Right use of "is"

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Do you know where is the women's restroom?

asked Aug 30 '13 at 00:34 Belinda New member

2 answers


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"is" versus "are" is a simple matter of agreement.

Perhaps the reason this is confusing is because you placed the verb in front of its subject.

Realign your sentence:  "Do you know where the women's restroom is?"

As you can see, "is" (singular) is not agreeing with "women" (plural), it is agreeing with "restroom" (singular).  That being the case, you have subject-verb agreement.

Were we to change it to "restrooms", your agreement rule would change:

"Do you know where the women's restrooms are?"

 

More importantly, I will teach you the "correct" use of "correct".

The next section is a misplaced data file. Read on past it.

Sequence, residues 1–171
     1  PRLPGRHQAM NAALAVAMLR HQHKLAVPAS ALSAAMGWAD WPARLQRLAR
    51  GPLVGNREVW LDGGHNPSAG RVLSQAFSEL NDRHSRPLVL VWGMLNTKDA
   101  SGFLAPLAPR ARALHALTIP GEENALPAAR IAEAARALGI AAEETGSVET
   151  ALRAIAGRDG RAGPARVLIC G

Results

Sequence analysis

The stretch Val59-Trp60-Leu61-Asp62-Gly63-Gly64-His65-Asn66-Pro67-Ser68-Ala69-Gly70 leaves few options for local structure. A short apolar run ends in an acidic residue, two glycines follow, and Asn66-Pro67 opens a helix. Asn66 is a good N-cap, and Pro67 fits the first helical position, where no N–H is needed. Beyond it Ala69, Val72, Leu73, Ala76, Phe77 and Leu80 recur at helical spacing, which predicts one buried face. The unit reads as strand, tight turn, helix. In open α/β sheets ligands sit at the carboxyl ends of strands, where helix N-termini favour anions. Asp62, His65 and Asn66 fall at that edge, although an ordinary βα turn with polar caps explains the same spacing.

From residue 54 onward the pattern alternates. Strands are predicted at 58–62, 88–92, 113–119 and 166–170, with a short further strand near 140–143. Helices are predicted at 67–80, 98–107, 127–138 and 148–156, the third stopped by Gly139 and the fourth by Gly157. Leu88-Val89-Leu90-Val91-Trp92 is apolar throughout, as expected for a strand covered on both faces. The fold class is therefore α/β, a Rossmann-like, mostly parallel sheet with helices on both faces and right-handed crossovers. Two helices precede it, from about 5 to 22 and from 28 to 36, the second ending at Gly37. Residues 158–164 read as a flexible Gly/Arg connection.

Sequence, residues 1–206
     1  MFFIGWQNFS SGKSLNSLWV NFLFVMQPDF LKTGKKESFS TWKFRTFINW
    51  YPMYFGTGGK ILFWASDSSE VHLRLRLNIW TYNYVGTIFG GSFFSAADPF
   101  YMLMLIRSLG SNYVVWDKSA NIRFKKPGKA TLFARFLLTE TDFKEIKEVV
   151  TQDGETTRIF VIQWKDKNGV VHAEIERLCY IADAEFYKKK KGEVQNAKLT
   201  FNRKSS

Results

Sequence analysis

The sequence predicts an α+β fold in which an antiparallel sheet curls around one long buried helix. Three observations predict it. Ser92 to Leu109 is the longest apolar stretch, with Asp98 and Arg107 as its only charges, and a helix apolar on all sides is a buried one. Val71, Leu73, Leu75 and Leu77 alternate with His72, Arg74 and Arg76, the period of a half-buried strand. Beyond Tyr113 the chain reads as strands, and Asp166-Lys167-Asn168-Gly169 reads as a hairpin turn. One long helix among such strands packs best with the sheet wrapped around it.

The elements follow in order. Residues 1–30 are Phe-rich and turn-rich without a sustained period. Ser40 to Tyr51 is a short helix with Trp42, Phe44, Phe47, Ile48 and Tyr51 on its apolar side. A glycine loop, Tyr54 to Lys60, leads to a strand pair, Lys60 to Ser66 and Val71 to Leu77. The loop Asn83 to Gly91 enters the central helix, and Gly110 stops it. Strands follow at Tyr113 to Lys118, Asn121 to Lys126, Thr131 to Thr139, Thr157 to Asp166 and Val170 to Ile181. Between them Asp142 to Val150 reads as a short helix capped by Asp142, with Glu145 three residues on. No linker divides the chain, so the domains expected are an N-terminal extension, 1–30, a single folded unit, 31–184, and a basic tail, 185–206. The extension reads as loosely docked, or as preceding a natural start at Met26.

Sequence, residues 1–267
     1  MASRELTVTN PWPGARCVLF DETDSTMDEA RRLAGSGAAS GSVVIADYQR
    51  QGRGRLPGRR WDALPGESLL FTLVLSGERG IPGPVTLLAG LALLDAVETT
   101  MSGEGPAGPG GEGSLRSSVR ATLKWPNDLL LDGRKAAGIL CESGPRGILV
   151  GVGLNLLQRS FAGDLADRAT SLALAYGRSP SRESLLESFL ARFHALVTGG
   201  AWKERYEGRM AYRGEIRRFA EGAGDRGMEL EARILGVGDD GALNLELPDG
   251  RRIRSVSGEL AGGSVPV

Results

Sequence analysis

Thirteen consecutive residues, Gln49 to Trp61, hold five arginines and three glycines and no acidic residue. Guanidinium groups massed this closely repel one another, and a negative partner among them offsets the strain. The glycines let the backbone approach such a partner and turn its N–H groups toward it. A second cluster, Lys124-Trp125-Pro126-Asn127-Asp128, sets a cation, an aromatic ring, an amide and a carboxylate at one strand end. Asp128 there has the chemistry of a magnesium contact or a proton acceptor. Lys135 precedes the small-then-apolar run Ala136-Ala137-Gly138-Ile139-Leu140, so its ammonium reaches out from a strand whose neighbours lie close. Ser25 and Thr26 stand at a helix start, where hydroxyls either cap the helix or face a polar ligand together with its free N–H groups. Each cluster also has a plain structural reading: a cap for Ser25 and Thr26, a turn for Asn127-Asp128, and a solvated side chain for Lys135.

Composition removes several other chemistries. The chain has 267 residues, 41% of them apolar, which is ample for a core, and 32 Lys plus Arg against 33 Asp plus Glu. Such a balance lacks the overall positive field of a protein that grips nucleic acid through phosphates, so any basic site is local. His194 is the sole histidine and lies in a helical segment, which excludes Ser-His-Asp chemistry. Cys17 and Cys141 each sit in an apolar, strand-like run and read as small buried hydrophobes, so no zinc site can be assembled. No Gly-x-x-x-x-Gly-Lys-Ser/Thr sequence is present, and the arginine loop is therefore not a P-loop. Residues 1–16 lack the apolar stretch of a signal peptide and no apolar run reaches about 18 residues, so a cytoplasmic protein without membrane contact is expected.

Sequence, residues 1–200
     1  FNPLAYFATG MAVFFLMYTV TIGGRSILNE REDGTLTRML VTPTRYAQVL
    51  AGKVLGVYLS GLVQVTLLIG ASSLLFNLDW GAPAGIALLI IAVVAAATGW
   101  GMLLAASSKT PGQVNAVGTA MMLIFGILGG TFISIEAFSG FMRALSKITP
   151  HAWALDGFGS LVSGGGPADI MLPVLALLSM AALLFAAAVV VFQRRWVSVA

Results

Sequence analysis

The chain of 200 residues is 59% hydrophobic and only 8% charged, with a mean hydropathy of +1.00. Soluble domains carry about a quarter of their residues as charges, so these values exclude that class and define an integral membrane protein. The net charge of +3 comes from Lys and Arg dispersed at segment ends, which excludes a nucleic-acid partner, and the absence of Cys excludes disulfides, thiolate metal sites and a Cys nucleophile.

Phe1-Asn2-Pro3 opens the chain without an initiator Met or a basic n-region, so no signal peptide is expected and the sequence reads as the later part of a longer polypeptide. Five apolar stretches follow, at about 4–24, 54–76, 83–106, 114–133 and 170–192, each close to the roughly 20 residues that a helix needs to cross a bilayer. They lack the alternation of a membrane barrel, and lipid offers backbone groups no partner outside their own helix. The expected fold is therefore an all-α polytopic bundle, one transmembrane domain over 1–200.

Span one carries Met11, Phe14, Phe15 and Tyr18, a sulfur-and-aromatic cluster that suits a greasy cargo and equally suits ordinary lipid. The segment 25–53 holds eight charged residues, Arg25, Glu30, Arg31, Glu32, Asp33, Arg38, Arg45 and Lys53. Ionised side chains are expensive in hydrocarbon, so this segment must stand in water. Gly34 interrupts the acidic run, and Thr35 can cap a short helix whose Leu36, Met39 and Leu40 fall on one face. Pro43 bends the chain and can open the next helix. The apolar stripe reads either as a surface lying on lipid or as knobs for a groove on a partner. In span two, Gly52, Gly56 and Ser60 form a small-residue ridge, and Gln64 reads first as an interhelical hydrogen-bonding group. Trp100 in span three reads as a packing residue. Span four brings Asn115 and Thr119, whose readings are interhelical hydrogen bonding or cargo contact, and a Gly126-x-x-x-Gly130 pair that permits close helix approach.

When you are formally asking if something is free from errors, you want to ask if it is "correct", not "right"?

Properly put, your question should have been

"Correct use of 'is'?"

link comment edited Aug 30 '13 at 11:18 Aaron Prejean Expert
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This is a combination of two sentence.  Here, the clause functions as a Noun Clause. 

Do you know it?

The women's restroom is there.

Do you know where the women's restroom is?

Usually the conjuction should be placed before the clause.

link comment answered Aug 30 '13 at 13:35 Z. A. Jazley Contributor

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